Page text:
Crookdale Horseshoe to the west of Shap summit.

From the Crookdale Horseshoe looking north yo the Longsleddale fells.

From the Crookdale Horseshoe looking north to the Longsleddale and Mardale fells.


More Wainwright Outliers with Sir Hugh.

I refer to the Shap summit on the old A6. This was the major route up to Scotland on the west coast before the Motorway opened in 1970. On our drive up from Kendal, we recalled the infamous Jungle Cafe once popular with the HGV drivers, I think the site is now a caravan sales. The ‘Leyland Clock’ which stood by the roadside nearer the summit has also gone and is now restored in the Brewery Arts Centre, Kendal. I hadn’t realised that it stood at the halfway point from Land’s End to John O’Groats. We parked up in a layby, near the summit, where there is an interesting memorial mounted on a substantial lump of pink Shap granite.






Pictures are taken from



A subsequent visit to The Brewery, Kendal, produced these two pictures.

My diary from 1974 shows that on August 26th I did a similar round as today’s but also including the more distant Harrop Pike. 12 mile in 4 hours in cloud and showers, I have no recollection whatsoever. Our more leisurely 6 hours today must reflect on the 40 odd years I’ve accumulated.

The walk today was in sun with clear views. The going could only be described as heavy most of the way. We combined AW’s Wasdale and Crookdale circuits which effectively was a true Crookdale Horseshoe. The northern leg was Whatshaw Common, Little Yarlside and Great Yarside, the latter just under 2000ft. We then had an interesting traverse across the head of Crookdale successfully avoiding the worst of the bogs. This brought us on to the southern ridge of Lord’s Seat, Robin Hood and finally High House Bank. Vast expanses of grass with the odd little crag to break up the monotony. Good conversation filled in the gaps. Views into the Lakes were restricted by the closer Longsleddale and Mardale Fells but there were extensive views to the Pennines and Howgills. Most interesting were birds’ eye glimpses into the hidden valleys of Wasdale, Crookdale and the larger Borrowdale.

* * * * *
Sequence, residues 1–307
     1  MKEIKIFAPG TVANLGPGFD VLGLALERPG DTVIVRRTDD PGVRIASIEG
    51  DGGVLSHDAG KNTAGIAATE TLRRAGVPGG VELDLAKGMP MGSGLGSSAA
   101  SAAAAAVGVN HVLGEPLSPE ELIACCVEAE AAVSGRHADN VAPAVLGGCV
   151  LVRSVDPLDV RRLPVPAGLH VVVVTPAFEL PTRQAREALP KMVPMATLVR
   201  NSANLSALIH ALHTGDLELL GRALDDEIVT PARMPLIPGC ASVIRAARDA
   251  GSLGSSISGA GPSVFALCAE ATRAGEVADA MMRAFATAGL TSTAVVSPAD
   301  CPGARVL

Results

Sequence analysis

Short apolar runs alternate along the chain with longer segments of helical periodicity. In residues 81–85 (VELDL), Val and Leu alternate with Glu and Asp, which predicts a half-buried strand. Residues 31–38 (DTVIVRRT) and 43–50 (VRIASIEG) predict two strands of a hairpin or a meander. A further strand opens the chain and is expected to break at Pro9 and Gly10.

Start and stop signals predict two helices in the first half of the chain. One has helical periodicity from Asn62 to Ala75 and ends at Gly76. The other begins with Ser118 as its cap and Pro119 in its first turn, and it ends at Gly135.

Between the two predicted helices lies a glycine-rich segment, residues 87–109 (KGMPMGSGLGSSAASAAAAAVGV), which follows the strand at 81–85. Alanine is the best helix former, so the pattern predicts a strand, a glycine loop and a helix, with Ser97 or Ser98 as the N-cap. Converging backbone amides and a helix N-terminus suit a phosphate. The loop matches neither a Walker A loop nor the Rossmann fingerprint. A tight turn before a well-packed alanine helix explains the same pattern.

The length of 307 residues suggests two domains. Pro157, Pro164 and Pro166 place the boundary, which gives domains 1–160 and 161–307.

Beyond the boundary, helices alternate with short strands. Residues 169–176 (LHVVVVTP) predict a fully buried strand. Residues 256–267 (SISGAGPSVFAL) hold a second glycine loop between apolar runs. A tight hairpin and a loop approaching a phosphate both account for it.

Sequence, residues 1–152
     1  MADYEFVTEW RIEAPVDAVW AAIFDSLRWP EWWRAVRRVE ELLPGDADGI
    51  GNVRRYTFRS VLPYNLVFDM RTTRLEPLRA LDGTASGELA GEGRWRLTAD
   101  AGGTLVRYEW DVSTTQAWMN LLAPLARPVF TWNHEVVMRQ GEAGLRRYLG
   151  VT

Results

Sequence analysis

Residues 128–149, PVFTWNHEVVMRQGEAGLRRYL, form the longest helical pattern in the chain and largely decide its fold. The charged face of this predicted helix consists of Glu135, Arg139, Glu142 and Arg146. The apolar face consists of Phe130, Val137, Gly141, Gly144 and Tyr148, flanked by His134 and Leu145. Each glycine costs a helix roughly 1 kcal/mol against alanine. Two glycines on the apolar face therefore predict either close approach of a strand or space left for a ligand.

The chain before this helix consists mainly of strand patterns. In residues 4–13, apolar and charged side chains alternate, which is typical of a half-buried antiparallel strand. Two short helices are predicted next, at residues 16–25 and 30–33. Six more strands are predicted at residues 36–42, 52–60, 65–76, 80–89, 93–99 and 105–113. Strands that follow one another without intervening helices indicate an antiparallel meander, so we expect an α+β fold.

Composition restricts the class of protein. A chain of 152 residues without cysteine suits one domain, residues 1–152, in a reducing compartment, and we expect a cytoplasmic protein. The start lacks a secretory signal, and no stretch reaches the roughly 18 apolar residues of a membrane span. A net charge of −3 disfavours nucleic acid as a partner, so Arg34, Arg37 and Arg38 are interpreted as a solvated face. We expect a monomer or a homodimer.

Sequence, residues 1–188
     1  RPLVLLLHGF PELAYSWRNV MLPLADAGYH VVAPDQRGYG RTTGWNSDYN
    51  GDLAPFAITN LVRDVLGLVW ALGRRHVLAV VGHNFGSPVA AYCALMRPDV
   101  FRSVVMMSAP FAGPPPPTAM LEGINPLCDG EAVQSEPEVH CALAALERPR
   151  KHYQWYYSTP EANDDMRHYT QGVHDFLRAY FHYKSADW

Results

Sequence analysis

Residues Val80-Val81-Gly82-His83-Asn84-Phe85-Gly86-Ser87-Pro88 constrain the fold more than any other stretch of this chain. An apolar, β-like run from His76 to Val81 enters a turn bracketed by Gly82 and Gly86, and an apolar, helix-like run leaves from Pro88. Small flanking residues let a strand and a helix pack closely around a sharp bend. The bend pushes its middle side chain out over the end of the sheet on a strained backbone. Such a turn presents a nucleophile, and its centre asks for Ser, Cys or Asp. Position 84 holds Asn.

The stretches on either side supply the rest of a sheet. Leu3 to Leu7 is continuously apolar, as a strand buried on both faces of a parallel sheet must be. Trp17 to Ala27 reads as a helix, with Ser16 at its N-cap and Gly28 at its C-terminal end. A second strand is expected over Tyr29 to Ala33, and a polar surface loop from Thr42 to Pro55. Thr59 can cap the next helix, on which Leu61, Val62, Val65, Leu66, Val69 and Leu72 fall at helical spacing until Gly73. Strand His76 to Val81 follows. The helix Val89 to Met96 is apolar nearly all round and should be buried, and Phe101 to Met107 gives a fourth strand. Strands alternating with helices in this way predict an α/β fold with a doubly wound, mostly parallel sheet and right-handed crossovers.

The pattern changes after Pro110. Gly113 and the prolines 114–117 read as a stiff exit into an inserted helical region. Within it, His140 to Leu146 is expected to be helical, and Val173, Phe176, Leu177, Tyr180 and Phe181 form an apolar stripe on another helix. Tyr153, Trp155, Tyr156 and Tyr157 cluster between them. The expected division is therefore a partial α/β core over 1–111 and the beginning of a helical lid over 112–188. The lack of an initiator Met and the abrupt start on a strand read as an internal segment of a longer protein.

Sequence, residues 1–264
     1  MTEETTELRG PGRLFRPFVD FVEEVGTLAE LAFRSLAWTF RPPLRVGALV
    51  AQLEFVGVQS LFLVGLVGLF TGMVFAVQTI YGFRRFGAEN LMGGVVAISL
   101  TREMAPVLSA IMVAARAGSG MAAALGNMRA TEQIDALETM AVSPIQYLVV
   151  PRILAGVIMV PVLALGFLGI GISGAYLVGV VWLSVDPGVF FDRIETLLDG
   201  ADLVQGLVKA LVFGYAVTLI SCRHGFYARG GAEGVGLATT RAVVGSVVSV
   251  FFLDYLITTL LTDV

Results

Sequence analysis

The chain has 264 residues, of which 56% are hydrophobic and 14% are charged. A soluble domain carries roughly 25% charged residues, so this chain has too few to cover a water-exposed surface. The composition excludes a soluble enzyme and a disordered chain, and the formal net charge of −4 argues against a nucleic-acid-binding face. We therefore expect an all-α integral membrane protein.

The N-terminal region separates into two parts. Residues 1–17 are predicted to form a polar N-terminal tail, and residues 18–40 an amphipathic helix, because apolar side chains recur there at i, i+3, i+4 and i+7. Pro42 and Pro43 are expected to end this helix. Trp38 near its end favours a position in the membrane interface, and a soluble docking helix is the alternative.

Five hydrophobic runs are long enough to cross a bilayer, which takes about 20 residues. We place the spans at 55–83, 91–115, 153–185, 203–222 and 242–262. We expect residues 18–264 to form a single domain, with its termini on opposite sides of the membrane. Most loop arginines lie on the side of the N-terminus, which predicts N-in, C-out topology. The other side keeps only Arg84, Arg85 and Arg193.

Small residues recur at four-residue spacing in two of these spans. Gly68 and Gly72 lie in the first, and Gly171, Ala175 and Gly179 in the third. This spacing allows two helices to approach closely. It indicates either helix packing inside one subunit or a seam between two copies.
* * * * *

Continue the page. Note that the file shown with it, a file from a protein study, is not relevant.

Great Yarlside from Little Yarlside.

Great Yarlside from Little Yarlside.

Unusual Trig. Point on Great Yarlside.

Unusual Trig. Point on Great Yarlside.

Upper Crookdale.

Upper Crookdale.

View into Borrowdale from the last summit - High House Bank.

View into Borrowdale from the last summit – High House Bank.

We never met another person.

P.S.  16 to go.

5 thoughts on “Crookdale Horseshoe to the west of Shap summit.


    Fancy having a clock up there (before my time I think), and the Jungle Café and Senior Service (I used to smoke them back in the old days – pre 1970), all nostalgia. I’ve not done my post yet, but the photos are so boring compared with the feeling of awe and wilderness that one gets on the ground up there.

    1. bowlandclimber

      I have vague memories of seeing the clock – pre 1970. There were apparently 6 others on trunk roads in England. That lady in the photo had the job of winding it!
      Yes the photos were not good, needed some galloping horses.

  2. McEff

    Interesting, that. My dad used to drive us from Barrow to Sanquhar, north of Dumfries, several times a year to visit relatives, and we’d either go through the Lakes or up the A6 over Shap – which was notorious, especially in bad weather. The first ever trip was in a motorbike and sidecar, subsequent trips in a Consul and Anglia Estate. It was always an adventure of epic proportions, and always took a complete day. Think now’t of it nowadays. The world is smaller than it used to be.

  3. Pingback: WAINWRIGHT’S WAY – A KENDAL INTERLUDE. | bowlandclimber

Leave a Reply